Soutine first visited Cagnes-sur-Mer in 1919 accompanied by Modigliani and returned there often between 1922 and 1925. In 1923 he wrote to his dealer Léopold Zborowski, 'I've only seven canvases. I'm sorry. I'd like to leave Cagnes; I can't stand the landscape. I even went for a few days to Cap Martin, for I thought of settling there. I didn't like it. So I'm back in Cagnes against my will and instead of landscapes I'm going to have to do some wretched still lifes'. This cry of distress prefigures one of the most important periods in Soutine's artistic career, during which he painted some of his most challenging landscapes of the area he thought he could no longer endure. The tempestuous style of his days at Céret gave way to a more ordered and lucid articulation of his vision. The claustrophobia of his earlier pictures, with their swirling waves of colour and chaotic compositions, is replaced by a sense of clarity and balance, in which each independent element of the composition exists within its own defined space. 'The opening up of the space is reiterated by the frequent inclusion of a form that visually and literally (a road or steps) invites us to enter. This accessibility is diametrically opposed to the claustrophobic sensation generated by the Céret paintings of finding ourselves already inside the landscape. Greater atmospheric breadth and luminosity, a brighter palette of increasingly pastel-like colours, and a reduced sense of scale (note the little figures on all the roads) all contribute to this sense of expansion. They also introduce a note of playfulness, in contrast to the seriousness of Céret' (M. Tuchman, E. Dunow & K. Perls, Chaïm Soutine, Catalogue raisonné, vol. I, Cologne 1993, p. 980). Soutine himself considered this time a turning point in his artistic output, and would often try to buy back the paintings that he had produced before, particularly those from the Céret period, in order to destroy them.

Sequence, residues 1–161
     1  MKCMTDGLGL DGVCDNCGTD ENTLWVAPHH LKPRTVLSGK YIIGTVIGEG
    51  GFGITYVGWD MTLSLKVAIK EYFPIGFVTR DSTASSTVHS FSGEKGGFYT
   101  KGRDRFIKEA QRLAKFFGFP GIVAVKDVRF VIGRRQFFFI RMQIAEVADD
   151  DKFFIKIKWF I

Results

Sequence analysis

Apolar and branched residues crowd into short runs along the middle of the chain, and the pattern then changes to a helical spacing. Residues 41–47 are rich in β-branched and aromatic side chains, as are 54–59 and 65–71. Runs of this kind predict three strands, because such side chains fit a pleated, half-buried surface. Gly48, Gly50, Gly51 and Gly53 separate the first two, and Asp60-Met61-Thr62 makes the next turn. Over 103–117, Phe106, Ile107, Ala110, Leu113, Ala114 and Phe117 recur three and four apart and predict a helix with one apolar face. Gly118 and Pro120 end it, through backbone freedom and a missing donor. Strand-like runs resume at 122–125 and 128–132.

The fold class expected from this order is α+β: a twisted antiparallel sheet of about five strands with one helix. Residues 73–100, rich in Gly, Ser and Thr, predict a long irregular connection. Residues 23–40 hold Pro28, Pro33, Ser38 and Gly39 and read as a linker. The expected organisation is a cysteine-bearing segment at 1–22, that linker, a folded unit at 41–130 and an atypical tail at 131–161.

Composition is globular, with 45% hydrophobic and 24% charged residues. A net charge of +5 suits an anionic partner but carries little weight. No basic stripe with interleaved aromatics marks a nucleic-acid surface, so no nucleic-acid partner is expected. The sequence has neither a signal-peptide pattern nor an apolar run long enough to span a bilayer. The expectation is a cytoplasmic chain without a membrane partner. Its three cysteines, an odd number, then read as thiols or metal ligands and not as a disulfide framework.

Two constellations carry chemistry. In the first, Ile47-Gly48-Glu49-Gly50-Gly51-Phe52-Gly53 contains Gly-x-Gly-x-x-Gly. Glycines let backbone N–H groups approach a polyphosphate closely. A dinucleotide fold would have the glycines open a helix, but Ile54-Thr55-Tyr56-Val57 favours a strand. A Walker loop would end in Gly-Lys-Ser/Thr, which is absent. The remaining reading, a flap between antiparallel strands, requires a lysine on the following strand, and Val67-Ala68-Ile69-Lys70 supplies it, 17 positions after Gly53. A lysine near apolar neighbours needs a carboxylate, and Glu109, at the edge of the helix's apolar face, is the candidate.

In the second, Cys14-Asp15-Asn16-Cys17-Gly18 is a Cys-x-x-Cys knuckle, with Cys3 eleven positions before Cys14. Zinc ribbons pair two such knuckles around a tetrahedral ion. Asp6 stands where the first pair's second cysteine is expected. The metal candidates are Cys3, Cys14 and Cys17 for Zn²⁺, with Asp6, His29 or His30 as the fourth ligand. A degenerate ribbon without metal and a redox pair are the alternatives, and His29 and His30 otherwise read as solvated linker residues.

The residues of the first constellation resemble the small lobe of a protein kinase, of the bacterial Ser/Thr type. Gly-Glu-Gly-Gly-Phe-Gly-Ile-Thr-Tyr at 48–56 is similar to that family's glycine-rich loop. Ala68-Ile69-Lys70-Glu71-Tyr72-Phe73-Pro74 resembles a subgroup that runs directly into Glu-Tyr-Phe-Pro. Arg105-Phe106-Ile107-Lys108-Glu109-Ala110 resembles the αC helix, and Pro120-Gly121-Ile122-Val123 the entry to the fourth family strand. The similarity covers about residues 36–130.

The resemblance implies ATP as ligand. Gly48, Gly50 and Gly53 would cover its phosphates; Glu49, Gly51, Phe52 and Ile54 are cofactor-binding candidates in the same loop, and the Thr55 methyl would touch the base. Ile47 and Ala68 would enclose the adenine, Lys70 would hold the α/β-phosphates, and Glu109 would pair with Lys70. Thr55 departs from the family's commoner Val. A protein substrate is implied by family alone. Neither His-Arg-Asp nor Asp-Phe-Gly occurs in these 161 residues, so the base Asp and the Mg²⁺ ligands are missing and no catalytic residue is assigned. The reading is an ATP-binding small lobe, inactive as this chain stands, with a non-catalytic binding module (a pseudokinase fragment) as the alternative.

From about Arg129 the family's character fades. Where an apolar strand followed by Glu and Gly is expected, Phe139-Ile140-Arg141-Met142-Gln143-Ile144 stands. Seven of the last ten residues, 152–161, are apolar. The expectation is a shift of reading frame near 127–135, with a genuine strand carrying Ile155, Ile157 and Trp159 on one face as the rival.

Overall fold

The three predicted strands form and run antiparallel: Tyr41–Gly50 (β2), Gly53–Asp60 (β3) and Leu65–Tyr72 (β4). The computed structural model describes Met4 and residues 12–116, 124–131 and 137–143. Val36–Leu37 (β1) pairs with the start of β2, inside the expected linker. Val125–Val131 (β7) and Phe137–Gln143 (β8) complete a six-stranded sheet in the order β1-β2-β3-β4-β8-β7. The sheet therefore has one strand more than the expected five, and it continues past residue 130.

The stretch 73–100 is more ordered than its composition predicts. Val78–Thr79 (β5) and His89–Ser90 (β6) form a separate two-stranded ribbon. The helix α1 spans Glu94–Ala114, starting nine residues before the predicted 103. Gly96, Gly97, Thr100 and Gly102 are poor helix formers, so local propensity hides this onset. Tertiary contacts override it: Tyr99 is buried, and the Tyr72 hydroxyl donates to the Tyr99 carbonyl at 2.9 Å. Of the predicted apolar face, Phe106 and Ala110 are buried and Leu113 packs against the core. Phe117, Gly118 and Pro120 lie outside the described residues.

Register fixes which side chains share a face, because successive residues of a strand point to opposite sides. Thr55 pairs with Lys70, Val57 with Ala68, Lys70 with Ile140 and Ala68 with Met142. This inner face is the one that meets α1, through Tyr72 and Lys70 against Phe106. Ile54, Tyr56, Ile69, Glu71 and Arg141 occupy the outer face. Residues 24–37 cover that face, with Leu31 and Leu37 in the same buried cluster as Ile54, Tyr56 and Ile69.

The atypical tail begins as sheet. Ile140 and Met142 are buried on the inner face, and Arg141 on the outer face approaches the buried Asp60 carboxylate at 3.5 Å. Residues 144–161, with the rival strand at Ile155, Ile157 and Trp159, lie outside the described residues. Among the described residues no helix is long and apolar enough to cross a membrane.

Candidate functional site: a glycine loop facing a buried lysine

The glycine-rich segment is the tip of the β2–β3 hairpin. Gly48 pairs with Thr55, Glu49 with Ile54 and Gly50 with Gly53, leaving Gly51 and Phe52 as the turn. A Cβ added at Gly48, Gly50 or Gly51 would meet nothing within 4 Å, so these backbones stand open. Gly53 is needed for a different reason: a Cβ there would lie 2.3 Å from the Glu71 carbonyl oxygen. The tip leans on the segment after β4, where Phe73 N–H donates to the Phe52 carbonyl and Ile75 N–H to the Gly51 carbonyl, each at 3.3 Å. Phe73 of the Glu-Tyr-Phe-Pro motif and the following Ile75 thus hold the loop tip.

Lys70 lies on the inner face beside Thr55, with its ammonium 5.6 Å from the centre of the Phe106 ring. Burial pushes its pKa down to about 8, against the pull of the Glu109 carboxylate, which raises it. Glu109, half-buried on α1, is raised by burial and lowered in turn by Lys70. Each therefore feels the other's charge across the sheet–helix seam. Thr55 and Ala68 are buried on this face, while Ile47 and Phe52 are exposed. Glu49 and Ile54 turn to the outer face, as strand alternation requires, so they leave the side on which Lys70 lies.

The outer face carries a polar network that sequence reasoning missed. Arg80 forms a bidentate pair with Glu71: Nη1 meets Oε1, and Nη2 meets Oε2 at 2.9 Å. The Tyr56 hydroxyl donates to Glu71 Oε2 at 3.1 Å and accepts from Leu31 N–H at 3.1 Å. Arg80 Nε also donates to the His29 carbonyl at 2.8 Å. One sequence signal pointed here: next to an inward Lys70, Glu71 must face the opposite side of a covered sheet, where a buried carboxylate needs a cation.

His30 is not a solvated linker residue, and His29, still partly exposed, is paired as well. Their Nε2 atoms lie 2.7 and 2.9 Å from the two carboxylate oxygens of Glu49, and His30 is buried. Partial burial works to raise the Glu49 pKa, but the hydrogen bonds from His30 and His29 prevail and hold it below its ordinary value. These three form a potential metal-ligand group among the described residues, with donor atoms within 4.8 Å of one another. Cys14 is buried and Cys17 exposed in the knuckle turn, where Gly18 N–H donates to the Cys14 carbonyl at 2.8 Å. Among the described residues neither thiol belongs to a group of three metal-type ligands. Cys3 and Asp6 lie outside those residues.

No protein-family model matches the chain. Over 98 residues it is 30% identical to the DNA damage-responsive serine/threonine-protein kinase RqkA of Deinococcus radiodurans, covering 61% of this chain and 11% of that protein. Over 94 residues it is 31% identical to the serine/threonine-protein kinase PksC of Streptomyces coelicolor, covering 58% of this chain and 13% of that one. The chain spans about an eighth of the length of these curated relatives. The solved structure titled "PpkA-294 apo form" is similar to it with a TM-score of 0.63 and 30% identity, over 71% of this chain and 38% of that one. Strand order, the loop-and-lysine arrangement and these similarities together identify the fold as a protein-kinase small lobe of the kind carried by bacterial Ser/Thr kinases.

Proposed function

This period of artistic transformation coincided with a change in fortune for Soutine. In 1923 the pharmaceutical manufacturer Dr Albert C. Barnes of Merion, Pennsylvania had bought around sixty of Soutine's canvases. Paul Guillaume wrote of Barnes seeing Soutine's portrait of a pastry chef that Guillaume had just acquired; 'When Barnes saw it at my place, he exclaimed, "But it's a beauty." The spontaneous pleasure he felt upon seeing the work was to suddenly change Soutine's fortune and destiny, turning him overnight into a painter of renown, sought after by art lovers, who began to take him seriously; and for Montparnasse he became a hero' (Les Arts à Paris, no. 7, January 1923, pp. 5-7).